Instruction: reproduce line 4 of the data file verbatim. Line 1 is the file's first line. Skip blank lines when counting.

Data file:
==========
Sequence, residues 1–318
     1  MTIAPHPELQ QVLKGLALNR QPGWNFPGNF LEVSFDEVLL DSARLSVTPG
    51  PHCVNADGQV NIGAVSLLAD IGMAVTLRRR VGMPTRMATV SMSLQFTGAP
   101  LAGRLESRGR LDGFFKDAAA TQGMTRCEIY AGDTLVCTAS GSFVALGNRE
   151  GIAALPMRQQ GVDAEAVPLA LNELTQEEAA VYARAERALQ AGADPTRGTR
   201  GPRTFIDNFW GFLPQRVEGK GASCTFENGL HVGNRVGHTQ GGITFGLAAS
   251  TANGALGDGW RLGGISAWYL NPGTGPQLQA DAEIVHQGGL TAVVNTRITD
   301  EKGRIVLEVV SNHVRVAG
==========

   101  LAGRLESRGR LDGFFKDAAA TQGMTRCEIY AGDTLVCTAS GSFVALGNRE